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From Jason Smith <...@iriscouch.com>
Subject The reason I didn't use _security for CORS
Date Fri, 15 Jul 2011 10:10:13 GMT
Hi, Randall. Guess I'll CC the dev list too.

I remember why I decided not to use the db _security object for CORS
policy in my COUCHDB-431 patch.

Basically, CORS is about how one *domain* interacts with another. That
is primarily how browsers see things.

Of course, every resource (URL) can have its own CORS policy, however
if you read the standard I think you'll agree the basic idea is one
domain's relationship to another.

Next, CORS is sort-of a security feature and sort of not. But I got
concerned when I read around the web and it seems like everybody
thinks CORS is adding a wildcard in some header and, by magic, it
works.

That wildcard means that any web site can make any browser send any
query to your couch. Oh, pooh! You've got a _security.readers. Just
add Access-Control-Allow-Credentials: true.

Whoops. Now any site can have any browser make any change to your
database. If the user was _admin, now the site has _admin access to
your couch. validate_doc_update can help, but nobody writes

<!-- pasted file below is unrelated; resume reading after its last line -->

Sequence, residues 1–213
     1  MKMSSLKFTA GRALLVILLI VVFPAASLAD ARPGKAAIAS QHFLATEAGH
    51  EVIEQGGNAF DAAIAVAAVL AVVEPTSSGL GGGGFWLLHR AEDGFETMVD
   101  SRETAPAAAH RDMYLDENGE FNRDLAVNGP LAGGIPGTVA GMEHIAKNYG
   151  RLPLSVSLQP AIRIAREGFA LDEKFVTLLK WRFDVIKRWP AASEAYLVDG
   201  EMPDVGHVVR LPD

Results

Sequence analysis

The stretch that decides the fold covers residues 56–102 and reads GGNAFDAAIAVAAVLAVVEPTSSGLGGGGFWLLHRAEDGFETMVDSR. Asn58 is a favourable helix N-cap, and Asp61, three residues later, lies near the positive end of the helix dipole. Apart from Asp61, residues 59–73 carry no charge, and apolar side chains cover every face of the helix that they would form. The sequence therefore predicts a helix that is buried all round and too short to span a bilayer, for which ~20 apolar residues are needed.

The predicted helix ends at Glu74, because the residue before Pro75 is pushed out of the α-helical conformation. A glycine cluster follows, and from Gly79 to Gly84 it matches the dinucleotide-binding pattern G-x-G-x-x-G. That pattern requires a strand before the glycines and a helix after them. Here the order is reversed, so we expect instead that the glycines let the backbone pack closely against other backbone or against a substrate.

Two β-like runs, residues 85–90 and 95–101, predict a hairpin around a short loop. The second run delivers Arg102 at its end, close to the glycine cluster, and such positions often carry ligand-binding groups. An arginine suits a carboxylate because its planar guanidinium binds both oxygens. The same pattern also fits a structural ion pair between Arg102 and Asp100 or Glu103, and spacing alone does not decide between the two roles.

validate_doc_update. It's hard enough getting people out of the Admin
Party, much less writing a security validator by hand. (Note that the
CouchDB company with its shit together, Cloudant, has written a
dead-simple GUI to address just this issue.)

So I do think there is a security component to CORS, even security of
the couch data itself. People say CORS is about browser security or
user security and not server security, but CouchDB is so deeply "of
the web," the line is blurry.

Hence my idea was to nudge people in the direction of whitelists, and
also make them explicitly authorize _admin activities over CORS.

Hope that clarifies all the questions you don't have. Cheers!

-- 
Iris Couch

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